A Workaholic’s Guide to a Relaxing Summer

Rebecca HuffBlog, Self Care Better, Teach Happier


  • Relaxing and recharging over summer break can look different for everyone.
  • Tips for a relaxing summer include catching up on TV shows and social media, retail therapy, and creating a to-do list.

One of the best parts of being a teacher is having the summers off. Most teachers use the summer to relax and recharge by spending time with family and friends. I would love to give you advice on what that looks like. But, this is not that kind of post. I am Rebecca Huff and I am a workaholic.

Burnout is a real issue that many teachers face (especially beginning teachers, like myself) . It’s such a problem that some building principals require their teachers to attend a PD on self-care, which is ironic if you ask me. Instead of providing you with the time to practice it, you are sitting in a room or staring at a screen for an hour about the importance of taking time for yourself and learning the signs of teacher burnout.

Self-care can take a variety of forms. Usually, it consists of the following: yoga, eating healthy, exercising, and doing anything that’s not related to work. The idea is to relax and recharge, but unfortunately, that is NOT how I relax or recharge.

If you are a workaholic, it’s possible to both work and relax at the same time. Click To Tweet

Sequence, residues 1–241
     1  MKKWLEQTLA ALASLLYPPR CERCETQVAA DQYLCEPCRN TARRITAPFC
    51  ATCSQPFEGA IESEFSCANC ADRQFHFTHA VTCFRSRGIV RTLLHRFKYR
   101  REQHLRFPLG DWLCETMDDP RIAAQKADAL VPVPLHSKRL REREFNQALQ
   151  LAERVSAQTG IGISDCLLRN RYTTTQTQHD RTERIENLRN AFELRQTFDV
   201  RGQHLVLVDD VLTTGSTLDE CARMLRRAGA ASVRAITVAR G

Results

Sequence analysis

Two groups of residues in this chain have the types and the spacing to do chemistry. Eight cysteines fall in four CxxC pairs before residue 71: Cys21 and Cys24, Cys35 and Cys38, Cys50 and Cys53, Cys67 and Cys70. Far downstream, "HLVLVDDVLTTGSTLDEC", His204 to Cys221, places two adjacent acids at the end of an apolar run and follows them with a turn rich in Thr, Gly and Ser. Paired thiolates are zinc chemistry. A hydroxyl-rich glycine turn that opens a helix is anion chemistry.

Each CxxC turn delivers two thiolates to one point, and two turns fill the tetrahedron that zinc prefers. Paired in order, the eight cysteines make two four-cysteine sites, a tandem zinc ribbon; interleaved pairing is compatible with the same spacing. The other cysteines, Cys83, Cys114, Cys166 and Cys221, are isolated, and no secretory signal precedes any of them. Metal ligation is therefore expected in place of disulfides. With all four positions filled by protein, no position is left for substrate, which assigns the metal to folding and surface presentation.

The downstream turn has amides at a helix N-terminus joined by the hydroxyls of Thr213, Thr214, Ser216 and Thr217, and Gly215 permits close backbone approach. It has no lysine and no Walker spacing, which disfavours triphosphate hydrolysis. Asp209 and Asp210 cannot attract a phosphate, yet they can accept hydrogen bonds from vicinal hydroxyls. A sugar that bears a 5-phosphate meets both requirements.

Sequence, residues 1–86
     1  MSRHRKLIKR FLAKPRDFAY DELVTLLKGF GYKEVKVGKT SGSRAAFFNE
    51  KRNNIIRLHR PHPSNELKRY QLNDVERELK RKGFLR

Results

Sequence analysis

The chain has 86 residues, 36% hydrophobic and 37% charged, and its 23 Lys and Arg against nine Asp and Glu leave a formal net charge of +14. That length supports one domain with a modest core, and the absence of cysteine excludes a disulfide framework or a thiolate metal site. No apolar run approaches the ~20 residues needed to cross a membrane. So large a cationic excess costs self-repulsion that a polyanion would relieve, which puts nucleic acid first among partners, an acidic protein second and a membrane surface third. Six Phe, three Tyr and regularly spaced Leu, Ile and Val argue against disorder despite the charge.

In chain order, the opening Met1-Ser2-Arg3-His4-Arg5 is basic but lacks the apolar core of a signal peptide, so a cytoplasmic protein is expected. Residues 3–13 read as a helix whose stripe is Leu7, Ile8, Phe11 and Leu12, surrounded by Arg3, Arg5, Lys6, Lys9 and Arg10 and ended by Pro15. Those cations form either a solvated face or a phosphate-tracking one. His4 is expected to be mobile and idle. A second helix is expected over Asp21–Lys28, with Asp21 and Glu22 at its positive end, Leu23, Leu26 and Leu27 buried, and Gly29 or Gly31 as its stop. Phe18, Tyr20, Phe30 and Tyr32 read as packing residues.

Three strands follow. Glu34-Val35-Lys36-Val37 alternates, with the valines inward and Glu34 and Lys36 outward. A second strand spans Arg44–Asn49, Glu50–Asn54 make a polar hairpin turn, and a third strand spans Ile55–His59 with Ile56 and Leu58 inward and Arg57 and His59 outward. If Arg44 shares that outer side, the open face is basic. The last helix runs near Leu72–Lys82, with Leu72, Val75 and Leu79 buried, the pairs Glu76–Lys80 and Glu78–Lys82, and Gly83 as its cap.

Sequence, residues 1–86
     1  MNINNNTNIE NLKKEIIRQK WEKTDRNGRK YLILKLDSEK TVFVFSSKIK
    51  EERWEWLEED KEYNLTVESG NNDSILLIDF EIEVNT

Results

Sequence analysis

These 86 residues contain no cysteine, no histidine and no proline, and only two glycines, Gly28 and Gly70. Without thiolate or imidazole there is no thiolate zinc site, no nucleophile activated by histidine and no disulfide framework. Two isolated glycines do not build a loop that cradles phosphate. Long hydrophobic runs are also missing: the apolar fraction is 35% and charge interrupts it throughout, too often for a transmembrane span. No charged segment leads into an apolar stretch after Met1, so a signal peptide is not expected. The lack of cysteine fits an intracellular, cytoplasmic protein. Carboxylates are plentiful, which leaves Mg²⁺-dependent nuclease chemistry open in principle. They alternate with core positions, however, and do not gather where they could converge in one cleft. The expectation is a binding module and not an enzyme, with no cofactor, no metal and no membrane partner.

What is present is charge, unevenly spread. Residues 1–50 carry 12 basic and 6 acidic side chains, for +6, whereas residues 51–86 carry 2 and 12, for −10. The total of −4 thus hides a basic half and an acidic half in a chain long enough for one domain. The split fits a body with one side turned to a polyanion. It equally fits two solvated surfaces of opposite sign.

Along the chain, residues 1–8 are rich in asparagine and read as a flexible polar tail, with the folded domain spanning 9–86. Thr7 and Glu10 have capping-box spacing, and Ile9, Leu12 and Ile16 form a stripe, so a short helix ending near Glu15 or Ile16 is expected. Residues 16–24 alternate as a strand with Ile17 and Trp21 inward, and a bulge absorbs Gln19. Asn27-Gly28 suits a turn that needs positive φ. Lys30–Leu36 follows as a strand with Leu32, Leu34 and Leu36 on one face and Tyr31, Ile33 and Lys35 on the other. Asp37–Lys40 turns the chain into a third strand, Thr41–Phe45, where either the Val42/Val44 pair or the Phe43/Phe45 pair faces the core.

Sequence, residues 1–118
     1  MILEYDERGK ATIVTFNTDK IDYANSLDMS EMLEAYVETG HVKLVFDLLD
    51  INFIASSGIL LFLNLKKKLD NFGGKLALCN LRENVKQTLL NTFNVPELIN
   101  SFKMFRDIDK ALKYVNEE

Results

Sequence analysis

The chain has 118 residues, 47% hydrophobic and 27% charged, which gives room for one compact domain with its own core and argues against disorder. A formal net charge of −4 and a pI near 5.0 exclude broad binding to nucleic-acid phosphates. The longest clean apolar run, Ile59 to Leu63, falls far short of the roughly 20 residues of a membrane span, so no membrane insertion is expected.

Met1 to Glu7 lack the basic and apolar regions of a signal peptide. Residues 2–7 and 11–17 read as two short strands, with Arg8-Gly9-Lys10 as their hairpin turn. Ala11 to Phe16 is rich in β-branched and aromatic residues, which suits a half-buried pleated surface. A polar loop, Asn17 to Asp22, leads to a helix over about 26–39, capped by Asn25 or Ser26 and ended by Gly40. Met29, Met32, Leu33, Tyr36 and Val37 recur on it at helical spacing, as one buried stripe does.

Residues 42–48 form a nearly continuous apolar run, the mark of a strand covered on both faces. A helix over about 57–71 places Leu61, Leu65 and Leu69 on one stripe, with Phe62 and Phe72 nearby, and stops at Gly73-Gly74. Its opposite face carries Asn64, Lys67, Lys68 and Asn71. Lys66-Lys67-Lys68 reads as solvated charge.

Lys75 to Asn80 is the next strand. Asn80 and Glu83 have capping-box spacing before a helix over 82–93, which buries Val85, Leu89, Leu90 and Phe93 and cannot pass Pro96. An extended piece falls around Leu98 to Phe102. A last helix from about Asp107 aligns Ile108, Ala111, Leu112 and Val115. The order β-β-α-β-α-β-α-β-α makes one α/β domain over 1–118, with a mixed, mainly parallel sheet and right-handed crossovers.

The following is a list of ways that I try to ease my mind and decompress as a workaholic.

Option 1 in a Workaholic’s Guide to a Relaxing Summer: Catch-up on TV Shows and Social Media

Watching a show or movie on a streaming service or cable TV with a big bag of Dove Milk Chocolate (that is not meant to be shared) and a can of Cherry Coke is my favorite way to relax! Below are a few shows that I approve of and suggest that you try!

  1. Vampire Diaries, The Originals, and Lucifer on Netflix
  2. Chicago Fire, Chicago PD, and Law and Order SVU on Hulu
  3. Parking Wars and House on Amazon Prime

Mindlessly scrolling through Facebook and getting engulfed in the rabbit hole that is Facebook Watch is another way to pass the time. You may even find some new TV shows or movies to watch.

If you don’t have TikTok, I highly recommend downloading the app. There are all kinds of content that can make you laugh and even help you brainstorm some lesson ideas for the upcoming school year. Teacher TikTok is amazing!

DISCLAIMER: For someone that needs to be busy, this option quickly gets boring. The feeling of being trapped in the house and being unproductive will grow until frustrated tears start to fall. Option two is a fantastic remedy for this feeling.

Option 2 in a Workaholic’s Guide to a Relaxing Summer: Retail Therapy

In order to enjoy summer break, I need to feel productive. At the end of the day, I need to have accomplished something. Watching TV and sharing TikToks is only satisfying for a short period of time. Shopping gets me out of the house and provides that instant gratification that I crave. Target, Petco, Five Below, Barnes & Noble, Half Price Books, IKEA, and Staples are my go-to stores where I can spend hours just browsing through the aisles.